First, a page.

When the day’s work was done after a 12-hour shift, they loaded back up into the trucks and headed back to the camp, eager take a hot shower, do laundry, and, of course, have a good hot meal. All of the meals were provided by Cal Fire and the crews ate under large tents with all the other personnel there working the fires.

    “The accommodations here are excellent, in my opinion,” said Sgt. Maj. Daniel Parrish. “Definitely outstanding for what we need and the food quality is amazing.”

    I got the chance to see what the Soldiers were up to after they wound down and had time to relax before they went to sleep. Their living area was in a large open building where cots were arranged in between small waist-high partitions. Soldiers had time to take part in a few intense card games, talk on their phones to loved ones or listen to music — all trying to make the best of it by hanging out with their fellow crew members.

    "We have about eight hours of sleep available to us but after talking to family and playing a few card games it ends up being less sometimes," said Spc. Nazario Gonzalez.

    This was the first time many of the Soldiers from Hand Crew 9 had worked a fire so they weren’t exactly sure what to expect coming into this.

    Pfc. Devion Burns expressed that the support they get from people in the community has been very fulfilling. “People will be driving by and wave, or they will come up to you and say thank you. Knowing that we are helping them out feels good,” he said.

    Staff Sgt. David Weise had previously worked fires. He explained that he was glad to return and fight the fires again with his acquired skill level. “When I first came in [last fire season] a lot of people worked hard to train me, so now I can come back to help train the new soldiers coming in, and can set an example.”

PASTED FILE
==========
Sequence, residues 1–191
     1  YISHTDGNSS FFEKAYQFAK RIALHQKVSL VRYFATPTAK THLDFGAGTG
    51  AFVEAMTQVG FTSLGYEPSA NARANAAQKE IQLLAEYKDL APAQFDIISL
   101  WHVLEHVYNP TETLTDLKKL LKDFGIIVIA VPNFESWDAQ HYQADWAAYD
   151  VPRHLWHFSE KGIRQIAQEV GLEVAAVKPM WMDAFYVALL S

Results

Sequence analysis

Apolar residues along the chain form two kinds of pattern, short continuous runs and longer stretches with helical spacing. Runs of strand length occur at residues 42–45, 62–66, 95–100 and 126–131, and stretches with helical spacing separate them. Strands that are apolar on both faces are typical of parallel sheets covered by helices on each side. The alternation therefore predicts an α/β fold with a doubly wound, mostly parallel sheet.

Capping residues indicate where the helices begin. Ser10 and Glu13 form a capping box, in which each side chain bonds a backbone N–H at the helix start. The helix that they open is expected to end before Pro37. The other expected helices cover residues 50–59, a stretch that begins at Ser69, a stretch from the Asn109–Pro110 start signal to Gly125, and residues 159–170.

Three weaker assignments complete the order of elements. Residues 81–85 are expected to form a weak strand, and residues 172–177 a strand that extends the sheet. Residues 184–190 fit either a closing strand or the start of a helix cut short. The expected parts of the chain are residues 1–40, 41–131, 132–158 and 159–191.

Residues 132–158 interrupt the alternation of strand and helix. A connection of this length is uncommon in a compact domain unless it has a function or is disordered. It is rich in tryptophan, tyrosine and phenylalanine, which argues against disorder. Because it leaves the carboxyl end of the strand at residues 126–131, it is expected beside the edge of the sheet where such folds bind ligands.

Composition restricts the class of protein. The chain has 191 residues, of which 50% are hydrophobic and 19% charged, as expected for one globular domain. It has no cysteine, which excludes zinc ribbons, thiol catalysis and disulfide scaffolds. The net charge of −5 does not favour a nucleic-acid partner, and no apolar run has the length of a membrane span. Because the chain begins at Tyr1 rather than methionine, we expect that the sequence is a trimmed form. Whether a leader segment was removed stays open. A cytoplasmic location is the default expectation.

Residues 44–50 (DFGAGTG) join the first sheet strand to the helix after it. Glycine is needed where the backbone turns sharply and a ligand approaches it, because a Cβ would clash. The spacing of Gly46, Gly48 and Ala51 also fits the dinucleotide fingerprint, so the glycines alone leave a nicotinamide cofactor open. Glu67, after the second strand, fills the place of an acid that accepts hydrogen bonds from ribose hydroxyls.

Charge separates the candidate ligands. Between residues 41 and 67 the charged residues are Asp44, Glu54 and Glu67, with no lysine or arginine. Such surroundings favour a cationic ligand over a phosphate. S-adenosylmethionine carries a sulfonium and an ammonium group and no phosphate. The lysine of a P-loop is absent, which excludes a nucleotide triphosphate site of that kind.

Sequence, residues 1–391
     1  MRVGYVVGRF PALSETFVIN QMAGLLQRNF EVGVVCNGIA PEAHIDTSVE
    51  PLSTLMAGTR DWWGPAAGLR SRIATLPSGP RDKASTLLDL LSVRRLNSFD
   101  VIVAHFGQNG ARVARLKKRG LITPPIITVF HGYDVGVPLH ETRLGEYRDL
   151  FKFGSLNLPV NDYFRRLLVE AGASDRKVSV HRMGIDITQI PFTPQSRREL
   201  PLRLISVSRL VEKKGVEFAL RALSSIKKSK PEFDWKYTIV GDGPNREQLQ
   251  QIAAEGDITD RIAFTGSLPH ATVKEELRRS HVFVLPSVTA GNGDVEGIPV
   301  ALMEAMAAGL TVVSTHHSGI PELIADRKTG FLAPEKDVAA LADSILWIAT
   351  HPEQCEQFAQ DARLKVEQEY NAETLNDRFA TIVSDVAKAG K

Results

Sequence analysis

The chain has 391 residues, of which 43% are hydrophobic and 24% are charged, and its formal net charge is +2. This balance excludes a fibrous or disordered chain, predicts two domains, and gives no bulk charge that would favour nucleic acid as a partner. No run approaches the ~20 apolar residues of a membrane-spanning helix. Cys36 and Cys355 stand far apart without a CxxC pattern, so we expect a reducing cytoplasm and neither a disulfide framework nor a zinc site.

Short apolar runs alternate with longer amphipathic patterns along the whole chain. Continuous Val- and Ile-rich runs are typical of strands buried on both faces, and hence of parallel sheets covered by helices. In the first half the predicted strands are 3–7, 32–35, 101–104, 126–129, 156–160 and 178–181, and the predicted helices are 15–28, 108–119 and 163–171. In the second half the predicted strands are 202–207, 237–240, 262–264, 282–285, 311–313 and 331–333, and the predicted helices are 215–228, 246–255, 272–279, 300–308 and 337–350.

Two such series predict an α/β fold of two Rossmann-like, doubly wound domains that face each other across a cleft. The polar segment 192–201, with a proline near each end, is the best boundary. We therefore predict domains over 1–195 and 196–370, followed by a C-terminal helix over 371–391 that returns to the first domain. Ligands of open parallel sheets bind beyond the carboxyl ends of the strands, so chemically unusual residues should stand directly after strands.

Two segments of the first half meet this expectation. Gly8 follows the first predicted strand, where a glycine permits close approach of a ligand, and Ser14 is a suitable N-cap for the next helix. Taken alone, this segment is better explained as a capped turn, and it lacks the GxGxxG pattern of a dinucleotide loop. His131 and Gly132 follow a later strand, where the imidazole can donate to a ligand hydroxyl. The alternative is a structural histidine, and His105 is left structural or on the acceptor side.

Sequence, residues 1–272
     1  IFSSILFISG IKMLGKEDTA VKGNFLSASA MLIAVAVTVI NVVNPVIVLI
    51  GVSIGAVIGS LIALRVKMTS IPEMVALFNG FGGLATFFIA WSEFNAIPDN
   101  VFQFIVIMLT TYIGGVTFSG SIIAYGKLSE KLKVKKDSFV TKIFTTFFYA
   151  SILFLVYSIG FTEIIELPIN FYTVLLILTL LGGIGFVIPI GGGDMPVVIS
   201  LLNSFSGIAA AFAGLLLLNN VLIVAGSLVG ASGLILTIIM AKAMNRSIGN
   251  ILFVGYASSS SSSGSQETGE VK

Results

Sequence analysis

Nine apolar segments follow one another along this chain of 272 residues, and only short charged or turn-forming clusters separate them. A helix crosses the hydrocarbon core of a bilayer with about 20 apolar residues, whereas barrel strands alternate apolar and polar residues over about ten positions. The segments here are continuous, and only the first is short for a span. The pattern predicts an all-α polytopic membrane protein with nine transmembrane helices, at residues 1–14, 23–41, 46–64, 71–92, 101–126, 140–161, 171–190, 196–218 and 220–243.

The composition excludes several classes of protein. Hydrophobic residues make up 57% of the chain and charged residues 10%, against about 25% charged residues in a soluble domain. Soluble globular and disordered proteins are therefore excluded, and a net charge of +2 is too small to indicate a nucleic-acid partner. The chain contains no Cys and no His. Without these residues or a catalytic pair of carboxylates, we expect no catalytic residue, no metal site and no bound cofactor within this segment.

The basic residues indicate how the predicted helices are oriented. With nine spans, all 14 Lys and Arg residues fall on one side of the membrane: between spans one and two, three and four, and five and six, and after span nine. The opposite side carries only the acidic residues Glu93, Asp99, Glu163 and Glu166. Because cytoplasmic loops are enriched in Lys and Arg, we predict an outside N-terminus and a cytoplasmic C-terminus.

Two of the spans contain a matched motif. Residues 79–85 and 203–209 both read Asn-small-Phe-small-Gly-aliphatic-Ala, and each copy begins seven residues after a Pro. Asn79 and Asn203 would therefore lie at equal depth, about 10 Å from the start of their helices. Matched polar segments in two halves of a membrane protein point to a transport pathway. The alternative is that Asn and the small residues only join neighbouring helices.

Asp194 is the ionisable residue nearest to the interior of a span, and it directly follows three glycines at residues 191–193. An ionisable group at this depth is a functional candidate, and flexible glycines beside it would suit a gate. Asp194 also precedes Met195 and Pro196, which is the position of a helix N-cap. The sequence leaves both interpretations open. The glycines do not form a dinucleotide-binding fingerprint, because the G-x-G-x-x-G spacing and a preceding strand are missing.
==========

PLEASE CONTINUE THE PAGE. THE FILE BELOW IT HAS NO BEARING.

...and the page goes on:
When I asked the Soldiers how their families felt about them being out on the fires, the most common responses were “proud” and “worried.” They should be proud. These Soldiers worked so hard to do something bigger than themselves. They also committed all of their time and energy into it until the fires were under control. As far as family members being worried, that is completely understandable, too. But Cal Fire firefighters were working alongside and ensured that the mission was being completed in the safest way possible.

    During my visit with the hand crews the Soldiers had been out there for more than two weeks and did not have an exact date on when they would be returning back to their normal lives. Despite 15-plus hour days, being away from families, putting their civilian jobs on hold and countless other sacrifices, they continued to keep their morale up and stay positive. There was a huge sense of family within the crews and having each other to stay positive helped a lot, they told me.

    "The crews do everything together. They eat together, work together, PT together. Each crew is like a family,” said Parrish. "Most importantly I have a 15-year-old son and he is just really proud. He thinks I'm the coolest dad ever."



    Date Taken: 08.19.2014
    Date Posted: 08.19.2014 19:49
    Story ID: 139852

    Web Views: 193